The exultant melody of the strings opens the first part of the symphony . It tells of the peaceful , happy life of the Soviet people, of the joy of creative work and the daring flights of thought, of victories won in the difficult but inevitable battle of life. For the last time this music sounds in the solo violin. A kind of guarded quietness replaces it. And then is heard the dry, abrupt tap tap of the d rum. With it arises an ominously enigmatic theme as if toy soldiers were taking their places. At fi rst their fuss seems amusing but little by little the insistence of these awful toy regiments evokes uneasiness. Now it is clear that this is no illusion but the iron step of war approaching. Chaos, disarray reign in the orches tra. But Man is stronger than primordial force. The strings begin the struggle, they harmonize the chaos of war and silence its cavernous roar.

    This episode has rightly been called "requiem for fallen heroes."

    After the tense and dramatic first movement comes the Scherzo; transparent and light it enchants by the tenderness and softness of its tones. The composer himself called it "very lyrica l." It is full of broad vistas like the Russian land itself. There is something in it that resembles the sweet lyricism of ancient Russ ian song, the inexpressible charm of nature in Russia.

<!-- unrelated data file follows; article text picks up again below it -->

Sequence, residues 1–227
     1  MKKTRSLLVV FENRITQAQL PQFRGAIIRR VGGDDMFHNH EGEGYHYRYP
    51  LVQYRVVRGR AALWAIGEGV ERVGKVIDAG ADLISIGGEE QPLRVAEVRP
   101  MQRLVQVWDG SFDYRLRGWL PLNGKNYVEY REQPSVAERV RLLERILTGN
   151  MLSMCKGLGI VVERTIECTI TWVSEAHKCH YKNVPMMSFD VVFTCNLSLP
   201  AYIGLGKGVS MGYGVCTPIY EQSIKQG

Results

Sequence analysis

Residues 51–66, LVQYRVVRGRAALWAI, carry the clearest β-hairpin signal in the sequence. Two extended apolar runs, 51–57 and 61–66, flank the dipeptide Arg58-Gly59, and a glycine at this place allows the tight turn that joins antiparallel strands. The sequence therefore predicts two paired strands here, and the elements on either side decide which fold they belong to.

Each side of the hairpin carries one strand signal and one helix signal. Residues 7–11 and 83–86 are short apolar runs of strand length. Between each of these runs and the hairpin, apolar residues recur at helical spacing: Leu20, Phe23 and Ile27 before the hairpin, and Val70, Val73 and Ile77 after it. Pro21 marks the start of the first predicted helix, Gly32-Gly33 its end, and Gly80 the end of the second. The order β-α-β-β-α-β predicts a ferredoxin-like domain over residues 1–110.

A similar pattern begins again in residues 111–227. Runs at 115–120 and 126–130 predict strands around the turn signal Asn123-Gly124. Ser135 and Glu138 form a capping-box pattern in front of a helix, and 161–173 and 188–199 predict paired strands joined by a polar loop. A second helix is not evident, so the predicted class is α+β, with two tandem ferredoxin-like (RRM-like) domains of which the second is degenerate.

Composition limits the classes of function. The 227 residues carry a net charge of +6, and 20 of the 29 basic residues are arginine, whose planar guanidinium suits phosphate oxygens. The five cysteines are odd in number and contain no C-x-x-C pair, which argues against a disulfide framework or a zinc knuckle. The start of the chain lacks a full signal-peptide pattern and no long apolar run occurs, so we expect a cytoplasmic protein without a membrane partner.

A majestic Adagio (pa rt III ) follows the Scherzo. Shostakovich wrote that he wished to express in this movement "intoxica tion with life, adora tion of the beauty of nature." The opening section of the Adagio is a solemn chorale. The power of these chords gives a feeling like the sound of an

  • organ and reminds one of the sublime art of Bach. Replacing the chorale there enters a tender melody, filled with a kind of wonder, as man tries to realize the beauty that has risen before bim.

    Thus through the tender lyricism of the second movement and the severity of the Adagio, the composer carries the listener far from the picture of the enemy's invasion. But images of tbe heroic struggle come to the fore once again in the finale of the symphony. It is as monumental and majestic as the first movement. The closing part of the finale is completely turned toward the future. Here for the first time in the symphony rises the radiant image of victory. In telling of the heroic st ruggle, however, the composer no longer shows the beastly enemy. It is the figure of the hero as liberator, the patriot, that he pictures. That is why the festive, triumphant close of the finale is so convincing. Although in its development there are many dark and dramatic pages, it is all directed toward light, happiness, the affirmation of the triumph of good and justice. Tbe heroes have not died in vain. Liberty has been won by their beroic deeds. The Seventh Symphony ends in an apotheosis, dedicated (in the words of Alexei Tolstoi) to the "triumph of humanity in man."

    About the Artists